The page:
Press Releases

  • Do Simple Nutrition Labels on the Grocery Store Shelf Help Consumers Make Healthier Food Choices?

    September 12, 2017

    Promoting healthy food choices is a critical component of any public health strategy designed to reduce the risk of nutrition-related chronic diseases. Nutrition labels are one tool that support consumers in making sound choices. But to what extent do consumers respond to labelling, in particular, to a simple, standardized on-shelf nutrition labelling system in supermarkets?  A new study in The Milbank Quarterly has found that the use of a simple, at-a-glance nutritional summary of the product that is located on retail shelf tags in supermarkets resulted in small but significant shifts towards consumers purchasing food with higher nutritional ratings.

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  • FDA Regulation of Digital Health: Software-Related Recalls Can Negatively Influence Medical Care

    September 12, 2017

    Medical software has become an increasingly critical component of health care, with the hacking of medical devices a growing concern.  And yet the regulatory landscape for digital health is inconsistent and controversial. In a new study in The Milbank Quarterly, Jay G. Ronquillo of Western Michigan University Homer Stryker M.D. School of Medicine and Diana M. Zuckerman of the National Center for Health Research have found that software problems in medical devices are not rare and have the potential to negatively influence medical care.

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  • A Systematic Evaluation of the Clinical Evidence on Drugs Receiving FDA Accelerated Approval

    June 7, 2017

    Therapeutic agents that treat serious conditions are eligible for the Food and Drug Administration (FDA) accelerated approval. A new study in the June issue of The Milbank Quarterly has found that these drugs often quickly become part of standard treatment, despite shortcomings in their evidence base. The study, the first to provide a systematic evaluation of all clinical studies conducted on drugs receiving this type of approval, assessed 37 novel therapeutic agents that received accelerated approval between 2000 and 2013.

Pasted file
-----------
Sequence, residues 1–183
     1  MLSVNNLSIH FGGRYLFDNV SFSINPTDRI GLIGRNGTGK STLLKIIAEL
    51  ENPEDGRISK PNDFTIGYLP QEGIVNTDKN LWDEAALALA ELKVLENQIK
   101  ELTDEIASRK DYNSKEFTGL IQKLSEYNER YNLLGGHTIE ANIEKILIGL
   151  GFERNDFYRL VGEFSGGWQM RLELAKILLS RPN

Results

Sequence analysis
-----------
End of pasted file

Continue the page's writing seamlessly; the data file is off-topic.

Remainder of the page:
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  • Do Consumers Want Expanded Access to Direct-to-Consumer Genetic Testing?

    June 7, 2017

    In mid-April, the direct-to-consumer genetic testing firm 23andMe received US Food and Drug Administration (FDA) authorization to sell tests for 10 genetic health risk reports directly to consumers. As the New York Times reported on May 12, the tests pose potential programs for long-term care insurers who may not have access to results. While policymakers have been debating the appropriateness of these tests for more than a decade, little is known about past consumers’ views regarding the regulation of these products or whether personal experience with testing is related to these views.  A new study in the June issue of The Milbank Quarterly by Sarah E. Gollust of the University of Minnesota School of Public Health and colleagues has found that a majority of consumers support expanded access to direct-to-consumer personal genomic testing (DTC-PGT) services and oppose additional government regulation, while those who have had a negative experience with the tests were less supportive of expanded availability without a medical professional.

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  • How Well Do Americans Understand Low-Value Tests and Treatments?

    March 7, 2017

    When it comes to medical care, patients and the public often think that more is better.  Yet, it’s well-documented that as much as 30% of US health care may be unnecessary, including tests that are used too often and treatments that are prescribed too quickly, like unnecessary antibiotics. A new study in the March 2017 issue of The Milbank Quarterly by Mark Schlesinger of the Yale University School of Public Health and Rachel Grob of the University of Wisconsin (Madison) Center for Patient Partnerships and Medical School offers fresh insight into how Americans think about “value” in health care.

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